'Portraits of Initiates'
While paintings on display at the Palo Alto Art Center (see page 25) look at the Voodoo religion in Haiti, a new photo exhibition at Stanford's Cantor Arts Center focuses on the religion in the Republic of Benin in Africa, where many of the traditions originated.
Opening Oct. 13, the Cantor center show is titled "Vodoun/Vodounon: Portraits of Initiates" and features 25 diptychs by the Belgian photographer Jean-Dominique Burton. The diptychs pair images of practitioners and of their shrines. (Vodounons are initiates of the religion, which can also be spelled "Vodou," "Vodun" and other ways.)
Burton took his black-and-white portraits and color photos of shrines in the Republic of Benin, where the religion was born. The Cantor show also includes a documentary video, "VOODOO, the Origins," directed by Samuel Lampaert and featuring some of the initiates Burton photographed.
A blessing of the exhibition by Bay Area practitioners is planned for Oct. 13 at 5 p.m., with accompanying films and other performances planned later. The show will be open through March 20.
The museum is off Palm Drive at Museum Way, open Wednesday through Sunday from 11 a.m. to 5 p.m. and Thursdays until 8. Admission is free. Go to museum.stanford.edu or call 650-723-4177.
'East Meets West'
The advent of the printing press meant more than just the faster transmission of words. Prints made images available to more people, opening up their minds to a wider world of different cultures and ideas.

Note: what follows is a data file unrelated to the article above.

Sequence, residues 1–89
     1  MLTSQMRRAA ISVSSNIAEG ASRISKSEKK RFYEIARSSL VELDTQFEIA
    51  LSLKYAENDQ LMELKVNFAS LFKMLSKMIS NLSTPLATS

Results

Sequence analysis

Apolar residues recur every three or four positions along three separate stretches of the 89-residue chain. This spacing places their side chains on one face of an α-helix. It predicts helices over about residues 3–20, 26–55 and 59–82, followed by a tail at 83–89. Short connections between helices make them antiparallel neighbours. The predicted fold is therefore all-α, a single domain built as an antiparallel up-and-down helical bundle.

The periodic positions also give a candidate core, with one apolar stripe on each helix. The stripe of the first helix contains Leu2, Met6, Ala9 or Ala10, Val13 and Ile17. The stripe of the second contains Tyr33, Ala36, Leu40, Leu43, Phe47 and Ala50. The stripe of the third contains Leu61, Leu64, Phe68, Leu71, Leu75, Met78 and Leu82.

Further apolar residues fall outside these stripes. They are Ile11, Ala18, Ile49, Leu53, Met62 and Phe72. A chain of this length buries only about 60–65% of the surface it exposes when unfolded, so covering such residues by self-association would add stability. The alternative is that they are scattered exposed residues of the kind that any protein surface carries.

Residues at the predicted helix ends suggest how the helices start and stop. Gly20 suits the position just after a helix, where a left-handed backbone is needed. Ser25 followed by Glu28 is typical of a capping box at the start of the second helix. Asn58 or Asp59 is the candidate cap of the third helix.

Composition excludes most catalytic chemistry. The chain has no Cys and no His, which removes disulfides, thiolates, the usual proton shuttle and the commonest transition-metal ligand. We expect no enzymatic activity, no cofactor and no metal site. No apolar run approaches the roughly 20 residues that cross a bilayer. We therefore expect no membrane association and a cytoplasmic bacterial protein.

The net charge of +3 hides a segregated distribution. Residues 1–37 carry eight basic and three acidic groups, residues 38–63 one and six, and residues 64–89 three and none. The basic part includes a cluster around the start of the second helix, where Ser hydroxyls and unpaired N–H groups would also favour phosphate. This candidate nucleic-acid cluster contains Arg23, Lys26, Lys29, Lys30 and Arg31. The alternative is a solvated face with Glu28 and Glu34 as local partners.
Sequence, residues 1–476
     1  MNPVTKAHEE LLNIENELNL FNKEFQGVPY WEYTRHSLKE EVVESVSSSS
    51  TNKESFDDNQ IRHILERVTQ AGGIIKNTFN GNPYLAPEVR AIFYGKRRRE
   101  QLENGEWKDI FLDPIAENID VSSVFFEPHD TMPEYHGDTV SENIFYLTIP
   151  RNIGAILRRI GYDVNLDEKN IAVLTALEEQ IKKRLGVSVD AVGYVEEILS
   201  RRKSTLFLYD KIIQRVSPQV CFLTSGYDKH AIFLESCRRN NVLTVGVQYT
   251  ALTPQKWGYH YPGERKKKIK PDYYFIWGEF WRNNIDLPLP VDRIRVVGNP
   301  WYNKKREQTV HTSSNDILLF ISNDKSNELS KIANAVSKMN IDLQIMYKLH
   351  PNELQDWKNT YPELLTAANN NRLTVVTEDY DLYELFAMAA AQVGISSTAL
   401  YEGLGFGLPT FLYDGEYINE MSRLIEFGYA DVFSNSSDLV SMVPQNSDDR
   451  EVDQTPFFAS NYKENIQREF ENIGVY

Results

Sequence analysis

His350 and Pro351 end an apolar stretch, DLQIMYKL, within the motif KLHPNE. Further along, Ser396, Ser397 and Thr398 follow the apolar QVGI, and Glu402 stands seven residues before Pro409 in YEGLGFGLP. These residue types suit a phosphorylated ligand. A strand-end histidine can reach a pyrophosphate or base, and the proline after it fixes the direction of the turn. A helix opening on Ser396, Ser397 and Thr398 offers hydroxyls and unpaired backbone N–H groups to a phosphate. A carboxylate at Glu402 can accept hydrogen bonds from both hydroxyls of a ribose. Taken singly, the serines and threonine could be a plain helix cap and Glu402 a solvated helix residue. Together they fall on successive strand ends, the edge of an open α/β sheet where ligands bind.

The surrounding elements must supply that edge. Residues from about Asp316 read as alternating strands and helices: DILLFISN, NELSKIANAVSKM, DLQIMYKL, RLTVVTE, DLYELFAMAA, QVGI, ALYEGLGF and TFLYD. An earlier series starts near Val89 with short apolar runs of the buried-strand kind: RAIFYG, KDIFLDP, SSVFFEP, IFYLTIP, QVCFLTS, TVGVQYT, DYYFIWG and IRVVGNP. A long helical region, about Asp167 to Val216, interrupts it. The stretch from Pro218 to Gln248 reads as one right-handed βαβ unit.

Starting Oct. 15, Lyons Limited Antique Prints in Palo Alto is exhibiting a collection of graphics and maps from the early meetings between East and West. In the show, called "East Meets West: The Opening of the Orient," the prints show what Western explorers saw — and illustrate the tales they brought home.
The prints hail back to the establishment of the Dutch East India Company in 1602, Admiral Perry's expedition to the Far East in the 19th century, and other events. An opening reception is set for Oct. 15 from 7 to 10 p.m., with a lecture by gallery owner Leila Phee Lyons on Oct. 17 from 1 to 3 p.m.
Lyons Ltd. is at #10 Town & Country Village at 855 El Camino Real. For more information, go to lyonsltd.com or call 650-325-9010.
The artistic city
San Francisco has been captured in every artistic medium you can think of. An exhibition now at Gallery 9 in Los Altos adds new visions in watercolor and ceramics to the mix, with works by two artists who grew up in Japan.
Miyoko Mizuno, who says she once lived in Nagano "surrounded by prairie flowers and the grand Japan Alps," paints the floral side of San Francisco. Her work includes watercolor landscapes and silkscreens of flowers. Shigemi Sanders depicts city landmarks in ceramic ware, lighting them up with candles or electric lights for a nighttime effect.
The show runs through Oct. 24 at 143 Main St. in Los Altos, Tuesday through Saturday from 11 a.m. to 5 p.m. and Sundays from noon to 4. Go to gallery9losaltos.com or call 650-941-7969.